The September 2 blaze, which gutted one of the world’s oldest museums, destroyed much of the 20-million-piece collection, and recovering objects from the ashes has been a slow process.
“The work must be done very carefully and patiently,” said Alexander Kellner, director of the museum.
The items recovered so far include indigenous arrowheads from Brazil, a Peruvian vase and a pre-Colombian funeral urn
In October, researchers recovered skull fragments and a part of the femur belonging to “Luzia”, the name scientists gave to a woman who lived 11,500 years ago. The fossils are among the oldest ever found in the Americas.
The update on recovery efforts on Monday was accompanied by details of a $205,385 donation from the German government for conservation equipment.
Klaus Zillikens, the German consul general to the Brazilian city of Rio de Janeiro, said his government was committed to the rehabilitation of the museum.
“For us, watching over our culture is both a political and societal duty, and in such, immediately after the fire we looked into helping the museum with the restoration,” he said at a press conference to announce the partnership.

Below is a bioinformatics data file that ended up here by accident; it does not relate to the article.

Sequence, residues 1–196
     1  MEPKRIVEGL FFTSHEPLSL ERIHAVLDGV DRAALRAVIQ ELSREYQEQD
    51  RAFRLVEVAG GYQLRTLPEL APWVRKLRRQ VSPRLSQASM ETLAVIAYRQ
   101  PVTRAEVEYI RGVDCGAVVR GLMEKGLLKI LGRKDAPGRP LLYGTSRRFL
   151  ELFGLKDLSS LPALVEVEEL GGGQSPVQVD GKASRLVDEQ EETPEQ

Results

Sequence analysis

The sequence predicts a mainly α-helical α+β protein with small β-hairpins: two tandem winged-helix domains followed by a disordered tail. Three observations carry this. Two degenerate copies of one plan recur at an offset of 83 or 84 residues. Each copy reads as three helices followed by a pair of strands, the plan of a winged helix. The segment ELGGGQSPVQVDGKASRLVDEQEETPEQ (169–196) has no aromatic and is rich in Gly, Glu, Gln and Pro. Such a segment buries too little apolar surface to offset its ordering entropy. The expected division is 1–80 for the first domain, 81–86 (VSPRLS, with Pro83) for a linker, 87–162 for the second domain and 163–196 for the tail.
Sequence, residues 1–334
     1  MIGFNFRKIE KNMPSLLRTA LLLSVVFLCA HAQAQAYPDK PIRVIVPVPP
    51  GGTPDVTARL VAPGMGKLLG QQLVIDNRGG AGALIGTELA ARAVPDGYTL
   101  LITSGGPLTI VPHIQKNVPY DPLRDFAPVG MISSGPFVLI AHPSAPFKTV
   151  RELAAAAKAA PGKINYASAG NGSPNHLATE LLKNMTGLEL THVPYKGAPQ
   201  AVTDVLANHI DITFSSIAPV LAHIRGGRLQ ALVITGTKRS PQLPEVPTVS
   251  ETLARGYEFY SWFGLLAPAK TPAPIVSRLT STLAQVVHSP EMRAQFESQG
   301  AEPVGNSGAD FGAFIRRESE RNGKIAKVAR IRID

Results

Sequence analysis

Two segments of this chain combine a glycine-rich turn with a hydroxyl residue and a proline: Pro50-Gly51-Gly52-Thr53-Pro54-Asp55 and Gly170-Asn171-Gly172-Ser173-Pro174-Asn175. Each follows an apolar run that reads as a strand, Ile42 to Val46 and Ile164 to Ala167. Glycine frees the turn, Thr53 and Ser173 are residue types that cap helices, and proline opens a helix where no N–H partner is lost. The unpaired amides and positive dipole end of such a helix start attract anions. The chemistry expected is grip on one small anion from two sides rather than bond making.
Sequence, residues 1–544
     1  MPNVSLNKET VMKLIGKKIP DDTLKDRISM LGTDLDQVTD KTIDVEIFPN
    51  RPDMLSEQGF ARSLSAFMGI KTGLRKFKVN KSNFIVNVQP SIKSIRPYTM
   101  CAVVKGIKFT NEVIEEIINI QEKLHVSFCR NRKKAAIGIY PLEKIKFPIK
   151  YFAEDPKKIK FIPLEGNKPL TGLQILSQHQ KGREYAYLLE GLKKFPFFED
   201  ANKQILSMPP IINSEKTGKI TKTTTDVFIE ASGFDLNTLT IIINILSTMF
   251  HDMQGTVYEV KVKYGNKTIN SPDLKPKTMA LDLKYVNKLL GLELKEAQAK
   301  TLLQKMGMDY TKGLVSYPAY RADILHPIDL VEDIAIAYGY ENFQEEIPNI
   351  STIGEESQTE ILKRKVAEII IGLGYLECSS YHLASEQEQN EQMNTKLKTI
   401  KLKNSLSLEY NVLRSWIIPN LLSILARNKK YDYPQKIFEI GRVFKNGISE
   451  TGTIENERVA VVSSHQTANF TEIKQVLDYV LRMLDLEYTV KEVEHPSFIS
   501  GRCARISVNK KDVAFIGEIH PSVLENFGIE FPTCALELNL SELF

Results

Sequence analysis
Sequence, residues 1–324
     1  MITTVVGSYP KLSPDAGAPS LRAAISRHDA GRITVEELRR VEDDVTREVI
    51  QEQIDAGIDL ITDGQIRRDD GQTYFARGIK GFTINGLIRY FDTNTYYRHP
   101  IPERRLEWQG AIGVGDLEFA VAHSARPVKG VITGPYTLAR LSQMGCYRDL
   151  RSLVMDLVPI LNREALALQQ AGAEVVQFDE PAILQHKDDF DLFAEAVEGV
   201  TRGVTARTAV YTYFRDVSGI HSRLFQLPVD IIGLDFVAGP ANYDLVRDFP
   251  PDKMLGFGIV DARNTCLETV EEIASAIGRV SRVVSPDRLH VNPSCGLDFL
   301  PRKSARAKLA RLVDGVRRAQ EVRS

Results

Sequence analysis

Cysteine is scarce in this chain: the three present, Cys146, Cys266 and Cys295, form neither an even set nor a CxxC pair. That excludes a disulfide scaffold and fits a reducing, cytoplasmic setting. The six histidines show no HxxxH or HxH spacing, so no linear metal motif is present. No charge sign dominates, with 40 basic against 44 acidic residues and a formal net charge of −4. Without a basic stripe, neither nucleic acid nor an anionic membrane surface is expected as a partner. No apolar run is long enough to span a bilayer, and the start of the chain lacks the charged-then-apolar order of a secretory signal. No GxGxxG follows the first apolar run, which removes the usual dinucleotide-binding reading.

Zillikens said the donation was the first part of a potential $1.3m made available for the restoration, depending on need.
Authorities have yet to say how the blaze started, but for many Brazilians, the fire became a symbol of endemic negligence and underfunding by successive governments.
Museum officials have said that the 200-year-old building was lacking many necessary security features, including a sprinkler system, and that the fire safety risks were well known.
The disaster prompted an outpouring of international support, including a visit by a group of UNESCO specialists in recovery and reconstruction.